nep-ent New Economics Papers
on Entrepreneurship
Issue of 2014‒08‒02
eight papers chosen by
Marcus Dejardin
Université de Namur

  1. Entry, Exit and Economic Growth: US Regional Evidence By Miguel Casares; Hashmat U. Khan
  2. The Significance of Business Exit for Future Entrepreneurial Activity By Albiol, Judit
  3. Regional determinants of firm entry in a developing country By Calá, Carla Daniela; Manjón Antolín, Miguel C.; Arauzo Carod, Josep Maria
  4. Capital Market Financing, Firm Growth, Firm Size Distribution By Tatiana Didier; Ross Levine; Sergio L. Schmukler
  5. Towards the societal system of innovation: The case of metropolitan areas in Europe By Turkeli S.; Wintjes R.J.M.
  6. The unequal effect of India's industrial liberalization on firms' decision to innovate: Do business conditions matter? By Bas M.; Paunov C.
  7. Mapping regional social enterprise ecosystems in India: Framework and indicators By Sonne L.
  8. La aparente revolución del emprendimiento en Chile. Una perspectiva espacial. By Miguel Atienza; Marcelo Lufin; Gianni Romani

  1. By: Miguel Casares (Universidad Pública de Navarra University); Hashmat U. Khan (Department of Economics, Carleton University)
    Abstract: Entry rates have a negative long-run effect on US regional growth, which contradicts innovation-based growth models. This puzzle is resolved when a model-consistent specification is estimated using per capita entry growth. Evidence supports the Schumpeterian hypothesis of a positive relationship between exit and economic growth.
    Keywords: Entry-exit rates; Per capita entry-exit growth; Economic growth
    JEL: O30 O40 O51
    Date: 2014–07–15
  2. By: Albiol, Judit
    Abstract: Purpose: The purpose of this paper is to analyse the impact of business exits on future dimensions of entrepreneurial activity at the macroeconomic level. Design/methodology/approach: This research uses the Global Entrepreneurship Monitor (GEM) data for 41 countries and the Generalized Method of Moments (GMM) to carry out the analysis. The paper differentiates the effect of the two components of total entrepreneurial activity, and the two motivations for it – opportunity and necessity entrepreneurship. Findings: The results presented here show a positive and significant effect of the coefficient associated with exits in all models. This means that the levels of entrepreneurial activity exceed business exits. The robustness of the models are tested, including other variables such as the fear of failure, the Gross Domestic Product, role models, entrepreneurial skills and the unemployment variables. The main hypothesis which stated that at national level business exits imply greater rates of opportunity-driven entrepreneurship is corroborated. Originality/value: One would expect that unemployment rates would imply higher levels of necessity entrepreneurship. However, results show that unemployment rates do in fact favour opportunity entrepreneurship levels. This could be due to those government policies that are aimed at promoting entrepreneurship through the capitalization of unemployment to be totally invested in a new start-up. To the best of our knowledge, this is the first panel data study to link previous exit rates to future dimensions of entrepreneurial activity. Keywords: Entrepreneurship, business exits, social values, industrial organization Paper type: Research paper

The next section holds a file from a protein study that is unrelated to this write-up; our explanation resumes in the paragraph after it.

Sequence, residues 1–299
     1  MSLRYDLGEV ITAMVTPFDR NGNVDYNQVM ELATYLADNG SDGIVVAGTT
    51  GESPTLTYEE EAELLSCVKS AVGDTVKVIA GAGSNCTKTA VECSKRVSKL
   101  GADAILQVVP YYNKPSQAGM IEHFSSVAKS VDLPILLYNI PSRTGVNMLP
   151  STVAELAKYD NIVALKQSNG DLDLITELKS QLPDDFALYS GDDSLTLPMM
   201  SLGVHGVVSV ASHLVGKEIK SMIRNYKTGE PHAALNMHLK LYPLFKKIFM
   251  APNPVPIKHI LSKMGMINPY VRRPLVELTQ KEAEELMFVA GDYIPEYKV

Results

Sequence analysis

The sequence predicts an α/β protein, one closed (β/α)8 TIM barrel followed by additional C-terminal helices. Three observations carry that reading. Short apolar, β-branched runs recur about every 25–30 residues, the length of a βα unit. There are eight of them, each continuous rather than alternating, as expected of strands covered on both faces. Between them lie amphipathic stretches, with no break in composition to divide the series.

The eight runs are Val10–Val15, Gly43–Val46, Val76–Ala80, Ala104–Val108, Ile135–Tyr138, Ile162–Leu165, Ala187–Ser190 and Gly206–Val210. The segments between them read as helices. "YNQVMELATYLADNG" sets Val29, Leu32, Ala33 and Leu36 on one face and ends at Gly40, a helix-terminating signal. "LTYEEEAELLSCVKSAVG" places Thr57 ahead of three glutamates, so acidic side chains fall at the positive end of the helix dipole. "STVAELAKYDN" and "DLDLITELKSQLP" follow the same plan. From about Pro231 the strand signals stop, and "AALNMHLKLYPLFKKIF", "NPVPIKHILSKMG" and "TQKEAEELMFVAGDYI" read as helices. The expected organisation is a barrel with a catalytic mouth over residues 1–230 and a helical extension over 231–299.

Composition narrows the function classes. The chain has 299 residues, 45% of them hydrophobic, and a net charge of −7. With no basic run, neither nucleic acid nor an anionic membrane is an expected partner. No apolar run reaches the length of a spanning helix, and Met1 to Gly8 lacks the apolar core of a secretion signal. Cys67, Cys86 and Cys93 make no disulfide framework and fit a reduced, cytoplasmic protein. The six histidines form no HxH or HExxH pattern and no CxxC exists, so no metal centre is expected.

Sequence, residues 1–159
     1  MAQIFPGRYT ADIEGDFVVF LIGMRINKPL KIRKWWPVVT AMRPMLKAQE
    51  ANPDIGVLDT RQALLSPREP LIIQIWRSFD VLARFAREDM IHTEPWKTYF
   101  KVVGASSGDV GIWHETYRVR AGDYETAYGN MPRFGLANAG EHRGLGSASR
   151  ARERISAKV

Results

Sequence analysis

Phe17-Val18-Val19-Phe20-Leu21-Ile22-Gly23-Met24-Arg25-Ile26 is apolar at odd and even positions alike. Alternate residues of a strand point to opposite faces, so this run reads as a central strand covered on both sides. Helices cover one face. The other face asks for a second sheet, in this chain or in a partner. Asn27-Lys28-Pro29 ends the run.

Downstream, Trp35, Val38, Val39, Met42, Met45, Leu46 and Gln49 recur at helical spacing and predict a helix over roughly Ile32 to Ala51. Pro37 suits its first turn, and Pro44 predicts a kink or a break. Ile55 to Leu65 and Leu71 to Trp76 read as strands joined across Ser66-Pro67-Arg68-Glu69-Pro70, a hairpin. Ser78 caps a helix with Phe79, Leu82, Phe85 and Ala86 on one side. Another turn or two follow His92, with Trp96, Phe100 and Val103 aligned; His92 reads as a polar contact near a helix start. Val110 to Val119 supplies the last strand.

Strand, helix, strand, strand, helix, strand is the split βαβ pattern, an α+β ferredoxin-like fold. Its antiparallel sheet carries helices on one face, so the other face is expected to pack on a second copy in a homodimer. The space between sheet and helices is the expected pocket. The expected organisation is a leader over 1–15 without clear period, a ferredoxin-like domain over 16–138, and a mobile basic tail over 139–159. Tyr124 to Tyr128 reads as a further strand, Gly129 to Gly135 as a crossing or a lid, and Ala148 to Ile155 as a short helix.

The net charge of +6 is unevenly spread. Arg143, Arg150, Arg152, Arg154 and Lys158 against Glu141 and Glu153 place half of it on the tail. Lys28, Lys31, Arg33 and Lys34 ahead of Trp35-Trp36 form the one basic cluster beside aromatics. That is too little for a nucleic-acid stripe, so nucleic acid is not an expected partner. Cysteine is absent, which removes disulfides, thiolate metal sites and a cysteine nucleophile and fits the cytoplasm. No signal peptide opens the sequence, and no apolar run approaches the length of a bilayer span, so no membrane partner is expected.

Keywords: Emprenedoria, Èxit en els negocis, Empreses -- Aspectes socials, Organització industrial, 338 - Situació econòmica. Política econòmica. Gestió, control i planificació de l'economia. Producció. Serveis. Turisme. Preus, 65 - Gestió i organització. Administració i direcció d'empreses. Publicitat. Relacions públiques. Mitjans de comunicació de masses,
    Date: 2014
  3. By: Calá, Carla Daniela; Manjón Antolín, Miguel C.; Arauzo Carod, Josep Maria
    Abstract: We analyse the determinants of firm entry in developing countries using Argentina as an illustrative case. Our main finding is that although most of the regional determinants used in previous studies analysing developed countries are also relevant here, there is a need for additional explanatory variables that proxy for the specificities of developing economies (e.g., poverty, informal economy and idle capacity).We also find evidence of a core-periphery pattern in the spatial structure of entry that seems to be mostly driven by differences in agglomeration economies. Since regional policies aiming to attract new firms are largely based on evidence from developed countries, our results raise doubts about the usefulness of such policies when applied to developing economies. JEL classification: R12, R30, C33. Key words: Firm entry, Argentina, count data models.
    Keywords: Empreses -- Creació, Argentina -- Condicions econòmiques, Economia regional, Localització industrial, Països en vies de desenvolupament, Anàlisi de dades de panel, Sèries temporals -- Anàlisi, 332 - Economia regional i territorial. Economia del sòl i de la vivenda,
    Date: 2014
  4. By: Tatiana Didier; Ross Levine; Sergio L. Schmukler
    Abstract: Which firms issue equity and debt in domestic and international markets and what happens to their assets, sales, and number of employees? To answer these questions, we assemble a new dataset on firm-level capital raising activity during 1991-2011, which we match with firm attributes for 45,527 listed firms from 51 economies during 2003-2011. We find that only a few of the largest firms issue securities in the median country. Firms issuing bonds are even larger than those issuing equity. Moreover, issuers grow much faster than non-issuers, particularly (a) during the year of issuance, (b) among smaller and younger firms, and (c) in countries with market-based financial systems. Furthermore, the firm size distribution (FSD) of issuers behaves differently from that of non-issuers. Among issuers, smaller firms grow faster than larger ones, tightening their FSD; but among non-issuers, larger firms grow faster than smaller ones, widening their FSD.
    JEL: G15 G30 L25
    Date: 2014–07
  5. By: Turkeli S.; Wintjes R.J.M. (UNU-MERIT)